-GansuPresentNativeFlora of China Editorial Committee, 2014
-GuangdongPresentNativeWang et al., 1990; Flora of China Editorial Committee, 2014
-GuangxiPresentNativeFlora of China Editorial Committee, 2014
-GuizhouPresentNativeFlora of China Editorial Committee, 2014
-HainanPresentNativeFlora of China Editorial Committee, 2014
-HebeiPresentNativeWang et al., 1990; Flora of China Editorial Committee, 2014
-HeilongjiangPresentNativeFlora of China Editorial Committee, 2014
-HenanPresentNativeFang and Wang, 1990; Flora of China Editorial Committee, 2014
-HubeiPresentNativeFlora of China Editorial Committee, 2014
-HunanPresentNativeFlora of China Editorial Committee, 2014
-JiangsuPresentNativeFlora of China Editorial Committee, 2014
-JiangxiPresentNativeFlora of China Editorial Committee, 2014
-JilinPresentNativeFlora of China Editorial Committee, 2014
-LiaoningPresentNativeFlora of China Editorial Committee, 2014
-Nei MengguPresentNativeFlora of China Editorial Committee, 2014
-NingxiaPresentNativeFlora of China Editorial Committee, 2014
-ShaanxiPresentNativeWang, 1990; Flora of China Editorial Committee, 2014
-ShandongPresentNativeFlora of China Editorial Committee, 2014
-ShanxiPresentNativeWang et al., 1990; Flora of China Editorial Committee, 2014
-SichuanPresentNativeFlora of China Editorial Committee, 2014
-XinjiangPresentNativeFlora of China Editorial Committee, 2014
-YunnanPresentNativeWang et al., 1990; Flora of China Editorial Committee, 2014
-ZhejiangPresentNativeZhang et al., 1989; Flora of China Editorial Committee, 2014
IndiaWidespreadMoody, 1989
-Andaman and Nicobar IslandsPresentSingh and Gangwar, 1987; Govaerts, 2014
-Andhra PradeshPresentIntroduced Invasive Raju and Reddy, 1992; Reddy, 2008
-Arunachal PradeshPresentIntroduced Invasive Chandra, 2012
-AssamPresentIntroduced Invasive Kurmi and Das, 1993; Chandra, 2012
-BiharPresentIntroduced Invasive Reddy, 2008
-ChandigarhPresentIntroduced Invasive Reddy, 2008
-ChhattisgarhPresentIntroduced Invasive Reddy, 2008
-Dadra and Nagar HaveliPresentIntroduced Invasive Reddy, 2008
-DamanPresentIntroduced Invasive
-DelhiPresentIntroduced Invasive Reddy, 2008
-DiuPresentIntroduced Invasive Reddy, 2008
-GoaPresentIntroduced Invasive Reddy, 2008
-GujaratPresentIntroduced Invasive Patel et al., 1985; Reddy, 2008
-HaryanaPresentIntroduced Invasive Reddy, 2008
-Himachal PradeshPresentIntroduced Invasive Chandra, 2012
-Indian PunjabPresentIntroduced Invasive Bir et al., 1992; Reddy, 2008
-Jammu and KashmirPresentIntroduced Invasive Chandra, 2012
-JharkhandPresentIntroduced Invasive Reddy, 2008
-KarnatakaPresentIntroduced Invasive Sastry et al., 1980; Reddy, 2008
-KeralaPresentIntroduced Invasive Joseph, 1986; Reddy, 2008
-Madhya PradeshPresentIntroduced Invasive Chandrakar et al., 1993; Reddy, 2008
-MaharashtraPresentIntroduced Invasive Reddy, 2008
-ManipurPresentIntroduced Invasive Chandra, 2012
-MeghalayaPresentIntroduced Invasive Chandra, 2012
-MizoramPresentIntroduced Invasive Chandra, 2012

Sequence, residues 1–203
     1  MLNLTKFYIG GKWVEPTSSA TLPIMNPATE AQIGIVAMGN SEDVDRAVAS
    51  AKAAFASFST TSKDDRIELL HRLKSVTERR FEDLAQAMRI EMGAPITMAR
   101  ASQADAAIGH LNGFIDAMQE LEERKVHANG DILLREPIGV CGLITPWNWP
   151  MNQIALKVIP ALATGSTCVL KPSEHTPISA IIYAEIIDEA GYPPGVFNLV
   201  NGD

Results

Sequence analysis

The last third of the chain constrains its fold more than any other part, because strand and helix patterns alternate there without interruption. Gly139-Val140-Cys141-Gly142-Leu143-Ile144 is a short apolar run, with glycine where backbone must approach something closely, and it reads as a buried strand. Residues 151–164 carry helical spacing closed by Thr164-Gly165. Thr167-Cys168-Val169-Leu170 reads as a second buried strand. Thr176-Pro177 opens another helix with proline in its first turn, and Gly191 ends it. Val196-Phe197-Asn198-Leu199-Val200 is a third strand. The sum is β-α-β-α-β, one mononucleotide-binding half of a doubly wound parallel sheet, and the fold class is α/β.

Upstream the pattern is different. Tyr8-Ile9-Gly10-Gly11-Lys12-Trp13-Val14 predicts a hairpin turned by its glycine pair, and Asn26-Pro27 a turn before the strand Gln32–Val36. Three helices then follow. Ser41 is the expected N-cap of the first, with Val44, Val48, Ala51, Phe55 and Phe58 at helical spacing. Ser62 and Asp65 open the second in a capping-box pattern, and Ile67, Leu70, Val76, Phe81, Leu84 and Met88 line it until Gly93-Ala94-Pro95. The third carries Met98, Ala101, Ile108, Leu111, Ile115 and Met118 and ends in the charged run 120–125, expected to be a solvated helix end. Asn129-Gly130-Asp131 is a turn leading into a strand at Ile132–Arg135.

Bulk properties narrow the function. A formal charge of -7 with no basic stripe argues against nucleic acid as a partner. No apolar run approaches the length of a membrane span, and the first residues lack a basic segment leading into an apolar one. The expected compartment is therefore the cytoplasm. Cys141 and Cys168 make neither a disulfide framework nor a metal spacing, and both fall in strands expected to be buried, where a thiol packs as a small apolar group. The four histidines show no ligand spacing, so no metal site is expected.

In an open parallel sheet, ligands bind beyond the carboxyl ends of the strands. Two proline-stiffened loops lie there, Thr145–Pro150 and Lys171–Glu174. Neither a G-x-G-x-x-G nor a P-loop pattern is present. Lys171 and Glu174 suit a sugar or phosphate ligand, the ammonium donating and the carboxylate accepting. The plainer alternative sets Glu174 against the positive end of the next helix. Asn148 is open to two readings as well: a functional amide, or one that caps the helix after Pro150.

-NagalandPresentIntroduced Invasive Chandra, 2012
-OdishaPresentIntroduced Invasive Jena and Patro, 1990; Reddy, 2008
-RajasthanPresentIntroduced Invasive Reddy, 2008
-SikkimPresentIntroduced Invasive Chandra, 2012
-Tamil NaduPresentIntroduced Invasive Srinivasan and Subbian, 1991; Reddy, 2008
-TripuraPresentIntroduced Invasive Chandra, 2012
-Uttar PradeshPresentIntroducedSingh et al., 1989; Khanna, 2009
-UttarakhandPresentIntroduced Invasive Chandra, 2012
-West BengalPresentIntroduced Invasive Singh, 1993; Chandra, 2012
IndonesiaWidespreadMoody, 1989
-JavaPresentNativeGovaerts, 2014
-Nusa TenggaraPresentNativeGovaerts, 2014
-SulawesiPresentNativeGovaerts, 2014
-SumatraPresentNativeMangoensoekardjo and Pancho, 1975; Govaerts, 2014
IranPresentNativeDastgheib and Beigi, 1988; Govaerts, 2014
IraqPresentNativeGovaerts, 2014
IsraelPresentNativeGovaerts, 2014
JapanWidespreadNumata et al., 1975; Govaerts, 2014
-HonshuPresentNativeUSDA-ARS, 2014
-KyushuPresentNativeUSDA-ARS, 2014
-Ryukyu ArchipelagoPresentNativeUSDA-ARS, 2014
-ShikokuPresentNativeUSDA-ARS, 2014
KazakhstanPresentNativeGovaerts, 2014
Korea, DPRPresentNativeUl'yanova, 1988; Govaerts, 2014
Korea, Republic ofPresentNativeKim et al., 1982; Govaerts, 2014
KyrgyzstanPresentNativeFlora of China Editorial Committee, 2014
LaosPresentMoody, 1989
MalaysiaWidespreadBarnes and Chan, 1990
-Peninsular MalaysiaPresentNativeGovaerts, 2014
MyanmarPresentNativeMoody, 1989; Govaerts, 2014
NepalPresentNativeRanjit and Bhattarai, 1988; Govaerts, 2014
PakistanPresentNativeFarrukh-Hussain et al., 1984; Govaerts, 2014
PhilippinesWidespreadMoody et al., 1984; Govaerts, 2014
SingaporePresentWaterhouse, 1993
Sri LankaPresentNative
SyriaPresentNativeUSDA-ARS, 2014
TaiwanWidespreadHorng, 1976; Flora of China Editorial Committee, 2014
TajikistanPresentNativeGovaerts, 2014
ThailandWidespreadNoda et al., 1985; Govaerts, 2014
TurkeyPresentNativeHolm et al., 1979; Govaerts, 2014
UzbekistanPresentNativeGovaerts, 2014
VietnamPresentNativeMinh-Si, 1969; Govaerts, 2014
YemenPresentNativeGovaerts, 2014

Africa

AngolaPresentNativeGovaerts, 2014
BeninPresentNativeClayton, 1972; Govaerts, 2014
BotswanaPresentNativeGovaerts, 2014
Burkina FasoPresentNativeClayton, 1972; Govaerts, 2014
BurundiPresentNativeGovaerts, 2014
CameroonWidespreadDeuse et al., 1983; Govaerts, 2014
Central African RepublicPresentNativeGovaerts, 2014